frenchy and t-boy are making me sick with all the O O O talk, e.g.; "Whereas with DoG, it started from the beginning as a group of guys that liked to play with each other and had a program. It helped that it revolved around offensive efficiency instead of rah-rah defense, which can be a little harder to sustainn because it takes a lot more energy/emotion. Thus, as people left, it was easier to bring new people into the program (and not scare them off like the intense NYNY squad). In a nutshell, that is what I think." The O rotation has always been small, and new guys rarely played O. It's all O mis-information. D players simply don't have the time to worry about these things because, as everyone know, Defense wins championships. The amount of energy you O guys put into defending yourselves and whining about cheating d players (Not frenchy, just t-boy) makes me wonder what you are worried about...the truth.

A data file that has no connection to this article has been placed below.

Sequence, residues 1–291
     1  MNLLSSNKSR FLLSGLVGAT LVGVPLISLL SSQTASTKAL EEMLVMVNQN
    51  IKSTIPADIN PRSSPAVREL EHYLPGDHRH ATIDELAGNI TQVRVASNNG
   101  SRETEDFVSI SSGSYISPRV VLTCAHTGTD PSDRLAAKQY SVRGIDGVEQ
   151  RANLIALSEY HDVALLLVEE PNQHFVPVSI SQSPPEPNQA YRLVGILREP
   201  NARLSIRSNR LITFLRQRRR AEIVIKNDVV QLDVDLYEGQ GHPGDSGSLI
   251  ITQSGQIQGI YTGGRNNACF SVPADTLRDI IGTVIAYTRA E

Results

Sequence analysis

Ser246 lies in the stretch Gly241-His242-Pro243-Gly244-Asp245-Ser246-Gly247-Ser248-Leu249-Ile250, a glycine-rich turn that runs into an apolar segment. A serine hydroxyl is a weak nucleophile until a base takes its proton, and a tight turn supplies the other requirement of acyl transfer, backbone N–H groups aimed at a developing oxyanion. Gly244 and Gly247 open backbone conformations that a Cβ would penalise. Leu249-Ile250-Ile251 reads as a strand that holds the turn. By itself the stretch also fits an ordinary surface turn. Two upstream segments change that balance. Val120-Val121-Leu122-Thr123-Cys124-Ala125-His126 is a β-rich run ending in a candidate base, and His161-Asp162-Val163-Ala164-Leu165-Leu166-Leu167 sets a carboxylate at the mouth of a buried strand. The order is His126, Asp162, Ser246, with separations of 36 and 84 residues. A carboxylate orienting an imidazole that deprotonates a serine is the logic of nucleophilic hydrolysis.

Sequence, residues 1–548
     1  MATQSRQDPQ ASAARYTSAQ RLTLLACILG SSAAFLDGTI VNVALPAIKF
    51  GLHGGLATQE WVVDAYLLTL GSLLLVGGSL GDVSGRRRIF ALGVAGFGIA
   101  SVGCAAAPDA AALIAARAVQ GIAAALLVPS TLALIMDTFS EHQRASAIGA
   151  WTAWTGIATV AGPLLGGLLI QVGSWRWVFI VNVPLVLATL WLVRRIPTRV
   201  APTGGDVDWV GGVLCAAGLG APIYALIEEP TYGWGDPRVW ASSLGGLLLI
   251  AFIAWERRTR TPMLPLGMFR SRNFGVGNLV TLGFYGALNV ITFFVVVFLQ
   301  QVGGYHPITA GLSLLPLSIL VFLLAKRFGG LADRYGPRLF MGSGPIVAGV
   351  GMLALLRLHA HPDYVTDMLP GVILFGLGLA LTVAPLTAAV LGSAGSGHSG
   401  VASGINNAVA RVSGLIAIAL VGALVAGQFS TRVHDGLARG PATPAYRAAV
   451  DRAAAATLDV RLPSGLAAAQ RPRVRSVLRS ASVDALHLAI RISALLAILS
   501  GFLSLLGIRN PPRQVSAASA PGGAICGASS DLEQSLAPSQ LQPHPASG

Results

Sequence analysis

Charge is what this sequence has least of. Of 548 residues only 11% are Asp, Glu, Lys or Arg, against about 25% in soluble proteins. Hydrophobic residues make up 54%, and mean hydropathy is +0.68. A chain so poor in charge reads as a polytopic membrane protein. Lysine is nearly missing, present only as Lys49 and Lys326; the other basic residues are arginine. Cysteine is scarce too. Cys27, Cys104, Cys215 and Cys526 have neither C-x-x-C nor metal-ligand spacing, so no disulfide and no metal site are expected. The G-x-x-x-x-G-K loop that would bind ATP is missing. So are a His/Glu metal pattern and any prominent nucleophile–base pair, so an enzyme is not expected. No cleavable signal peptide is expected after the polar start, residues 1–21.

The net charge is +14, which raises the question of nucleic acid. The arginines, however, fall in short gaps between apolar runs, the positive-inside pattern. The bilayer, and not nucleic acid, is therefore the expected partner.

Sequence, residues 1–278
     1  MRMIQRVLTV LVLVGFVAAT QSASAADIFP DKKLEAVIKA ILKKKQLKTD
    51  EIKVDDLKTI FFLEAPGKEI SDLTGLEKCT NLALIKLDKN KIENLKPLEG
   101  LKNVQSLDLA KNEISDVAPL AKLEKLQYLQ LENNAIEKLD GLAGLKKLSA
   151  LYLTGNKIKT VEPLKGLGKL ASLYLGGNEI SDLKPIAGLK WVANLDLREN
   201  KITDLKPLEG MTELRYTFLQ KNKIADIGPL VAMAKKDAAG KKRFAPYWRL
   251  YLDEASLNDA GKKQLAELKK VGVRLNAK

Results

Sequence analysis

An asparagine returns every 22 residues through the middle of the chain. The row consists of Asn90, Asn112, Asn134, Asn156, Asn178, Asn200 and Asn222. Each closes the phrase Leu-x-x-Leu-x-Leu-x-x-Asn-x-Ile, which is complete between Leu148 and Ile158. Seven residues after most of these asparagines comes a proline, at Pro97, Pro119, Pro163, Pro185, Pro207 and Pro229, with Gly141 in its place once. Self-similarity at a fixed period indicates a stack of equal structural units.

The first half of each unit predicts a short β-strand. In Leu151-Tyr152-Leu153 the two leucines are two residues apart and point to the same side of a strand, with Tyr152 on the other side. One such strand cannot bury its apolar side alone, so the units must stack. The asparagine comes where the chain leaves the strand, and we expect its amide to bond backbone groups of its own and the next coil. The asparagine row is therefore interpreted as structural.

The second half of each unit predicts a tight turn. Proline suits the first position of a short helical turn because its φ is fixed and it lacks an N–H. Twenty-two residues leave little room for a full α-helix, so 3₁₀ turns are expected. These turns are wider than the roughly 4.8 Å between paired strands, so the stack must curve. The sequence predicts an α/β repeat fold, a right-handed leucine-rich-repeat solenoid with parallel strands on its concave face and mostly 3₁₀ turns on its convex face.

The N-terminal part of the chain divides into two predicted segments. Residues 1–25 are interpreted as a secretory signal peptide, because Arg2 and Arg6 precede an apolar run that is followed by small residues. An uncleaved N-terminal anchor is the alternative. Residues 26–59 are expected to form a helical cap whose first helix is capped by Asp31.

10:09 PM, December 24, 2005  
Blogger Alex de Frondeville said...

I always love it when an Anonymous steps up with such strong words. I'll give you 3 numbers. 4-2, or at worst, 3-2-1. This would be the number of DoG championships attributable to the O-D-tie. I leave it to the reader to identify which year is which...

11:30 PM, December 24, 2005  
Anonymous Anonymous said...

oh you know who I am. I don't disagree with the 3-2-1 or whatever, who cares. At least you are reasonable, t-boy seems to think D has no place in the game.

9:22 AM, December 25, 2005  
Blogger Bluffton Vidalia said...

I think field-space is a big contributing factor as well. Boston has tons of fields as compared with NY. Maybe it goes as follows: more fields, more players; All things beign equal - more better players. Thus increasing the chances of a bunch of like minded players being able to schedule and execute team functions leading to victories. Additionally, Boston has more younger participants with all of the colleges and universities.

3:44 PM, December 26, 2005